CAREER DEVELOPMENT / SEP. 28, 2014
version 5, draft 5

17 Career Lessons I'd Teach My Younger Self

Having spent more than 20 years working for a global pharmaceutical company, I’m often asked about three things: what lessons I learned during my time in the corporate world; what advice I would give to someone just starting out; and what, if anything, I would do anything differently. To cover all three, below are my accumulated hindsights -  my most important career lessons, in no particular order. If I could teach these lessons to my younger self, I’d do so in a heartbeat. 

  • Work is just that – work.

No matter how passionate you are about what you do, don’t define yourself by your work. You’re much more than that. Make sure you have other interests that will inspire and engage you. Otherwise you’ll become a bore – to yourself and everyone else.

  • Never complain.

Find a way to solve an issue – if something is important enough to you, you’ll find a way. Better still, find several, viable solutions. Then present these to your boss or colleagues. Someone once shared a great quote by William Arthur Ward: “The pessimist complains about the wind; the optimist expects it to change; the realist adjusts the sails.” Be the optimist.

  • You’re judged on your judgment.

What you do is as important as what you don’t do. What you say is as important as what you don’t say.

  • Don’t make enemies with anyone.

Treat everyone as important. You could one day be working with them.

  • Always be prepared – do your homework.

It’s easy to get caught out because you haven’t considered all the angles or different viewpoints that others may have. Not doing your homework may lead you to the wrong conclusions, which may cause others to doubt your judgement.

  • Criticism is often better than praise.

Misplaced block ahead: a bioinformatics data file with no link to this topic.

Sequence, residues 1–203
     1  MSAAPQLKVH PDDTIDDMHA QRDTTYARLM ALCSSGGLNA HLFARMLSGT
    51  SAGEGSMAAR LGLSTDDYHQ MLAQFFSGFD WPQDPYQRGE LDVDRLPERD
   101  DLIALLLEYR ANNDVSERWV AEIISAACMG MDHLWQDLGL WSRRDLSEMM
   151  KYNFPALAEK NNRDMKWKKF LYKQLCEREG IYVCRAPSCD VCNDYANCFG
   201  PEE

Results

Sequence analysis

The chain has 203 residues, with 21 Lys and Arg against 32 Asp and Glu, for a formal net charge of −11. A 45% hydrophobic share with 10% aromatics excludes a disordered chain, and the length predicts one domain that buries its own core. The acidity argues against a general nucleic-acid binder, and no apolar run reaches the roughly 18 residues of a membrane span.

Growing your ego won’t grow you as a person.

  • Aim to work with the best people possible.

They will inspire you and make you and everything you do so much better.

  • Stop trying to control everything and everyone.

If you know that someone can do a task better than you can, let them. There’s no shame in that. And you’ll learn from them.

  • Get a mentor.

Having a mentor is probably the most important investment I made in my career. A good mentor will give you an independent view of your career and will act in your best interests.

  • Don’t undervalue failure.

Failure, at the very least, means you’ve been brave enough to try. It means you know how not to do something.

  • Networking will help your career.

Get to know the right people and maintain contact with them. Build networks of people that have the power and the desire to help you.

  • Know why you do what you do.

This can have a profound impact on the way you feel about your job and how you do it.

  • Imagine your name is written on everything you produce.

This will change how you approach a task.

  • Aim to surround yourself with good people.

Good people will make your contributions bigger. Those who don’t have your best interests at heart will do the opposite.

  • Make other people look good.

 To use a couple of clichés, no man is an island – there’s always someone there to oil the wheels of progress.  If you’re in a leadership position, you will be judged on the influence you exert on your team’s output rather than your own individual contribution.

  • Play to win. 

This will help you develop your potential and raise your expectations of yourself. It may help to know that the greatest competition is yourself. Playing to win will also do your reputation no end of good.

  • Always do the right thing. Always.

  If you say “yes” to something, what are you saying “no” to?  Look at the costs of not doing the right thing. Then do the right thing.

Look at the deeper meaning of these career lessons and try to implement them in your professional life. Meanwhile, feel free to share some of your own lessons that you’ve learnt in the comments section below.

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